If your business has been steadily growing its revenue over the course of several months (or years), that’s great – but at some point it will reach a ceiling. If you want to continue the pace of growth, the chances are that you need to scale up your business by hiring new staff. 

The reality is, almost every business is restricted by the amount of money it generates, and by the amount of time and effort you can realistically put in. And in our experience, when you have another person’s family relying on you to pay them, you’ll find a way to make it work. 

4. Do I Need To Change My Company Structure To Be Able To Hire People? 

Absolutely not. You can employ someone in any business structure. However, if you start as a sole trader and then want to take on a partner or employee, it might be a good idea to register as a company 

When you hire someone, you will also need to ensure you are registered for PAYG and lodge payroll data through Single Touch Payroll and pay any amounts owing to the ATO either monthly or quarterly. Then there’s Workers Compensation insurance, employment contracts, public holidays, and superannuation to think about.  

Learn more about whether your current company structure is the right one for you

Do I Need To Change My Company Structure To Be Able To Hire People?

5. Should I Hire An Employee Or Am I Better Off Using Contractors? 

This one is a tricky one and the answer is a whopping: it depends what you need. Genuine contractors don’t incur super and you are not liable to pay their PAYG. However, if a ‘contractor’ is really an employee, then you are putting yourself at risk of a significant wrap over the knuckles from Fair Work.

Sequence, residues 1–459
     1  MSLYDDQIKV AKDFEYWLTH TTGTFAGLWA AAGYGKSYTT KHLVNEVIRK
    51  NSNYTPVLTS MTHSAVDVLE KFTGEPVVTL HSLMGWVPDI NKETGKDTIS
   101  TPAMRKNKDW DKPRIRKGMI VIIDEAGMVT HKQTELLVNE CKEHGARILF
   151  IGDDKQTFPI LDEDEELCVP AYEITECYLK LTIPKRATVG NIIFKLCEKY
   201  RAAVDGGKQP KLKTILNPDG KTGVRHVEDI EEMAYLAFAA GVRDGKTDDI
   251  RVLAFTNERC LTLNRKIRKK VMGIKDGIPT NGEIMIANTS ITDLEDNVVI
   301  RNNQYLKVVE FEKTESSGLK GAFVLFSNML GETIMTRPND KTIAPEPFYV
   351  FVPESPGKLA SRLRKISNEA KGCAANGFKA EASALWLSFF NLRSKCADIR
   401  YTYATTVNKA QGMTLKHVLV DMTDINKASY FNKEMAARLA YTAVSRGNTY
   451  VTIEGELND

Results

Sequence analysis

Contractors can be excellent stop gaps when you really need a professional or expert in their craft for a specific project or function. However, if it’s looking like you need plenty of ongoing support, you want someone who can do a whole host of things in your business, you want a little more control over ‘how’ the role or function is done, and you think you will benefit from having another human in your business by your side, perhaps investing in hiring and training an employee is the way to go.  

A word of warning on mixing up the two – we have seen clients paying a staff member as a ‘contractor’, and when things went south and the employee left, they contacted Fair Work saying they believed they were an employee. The outcome? The business owner was liable for $40K in unpaid superannuation, leave entitlements and penalties. Ouch.  

Take a moment to find out whether someone is an employee or contractor on the ATO website  

Avoid Falling Into The Trap Of ‘Once Bitten, Twice Shy’ 

We’ve seen too many business owners become ‘once bitten, twice shy’ when it comes to expanding their business. They’ve tried it, it failed, they never want to do it again.  

But this fear of failure or fear of making a ‘wrong’ decision can be more prohibitive than any hiring decision you make.  

Some final thoughts: if you’re finding you are consistently being bogged down by time-consuming, simple, ‘outsourceable’ tasks such as data-entry, administrative tasks, social media management, IT operations – bite the bullet and hire/outsource. It will save you money (and headaches) in the long run. 

If you’re finding you need help in an area that requires an expert skill set for a specific period of time, project or task like copywriting, building a website, bookkeeping, or graphic design, you may want to seriously consider hiring either a freelancer or contractor. This can be a great option if you want to dial up or dial down investment in your business alongside cashflow.  

However, if you have a constant need for dedicated expertise, you want to have the right person for the job always at hand, and you want the chance to train and grow someone in all of the ins and outs of your business, to help it function without you and give you a well-earned holiday – hire an employee (or multiple employees) on a part-time or full-time basis. 

Need More Help? 

Questioning whether or not you need more staff ultimately means your business is growing. Congratulations! That is what most business owners want.  

If you want support to decide whether or not now is the right time to hire, or you need a little help with your financial forecasting – book a free growth strategy session with The Women’s Accountant today!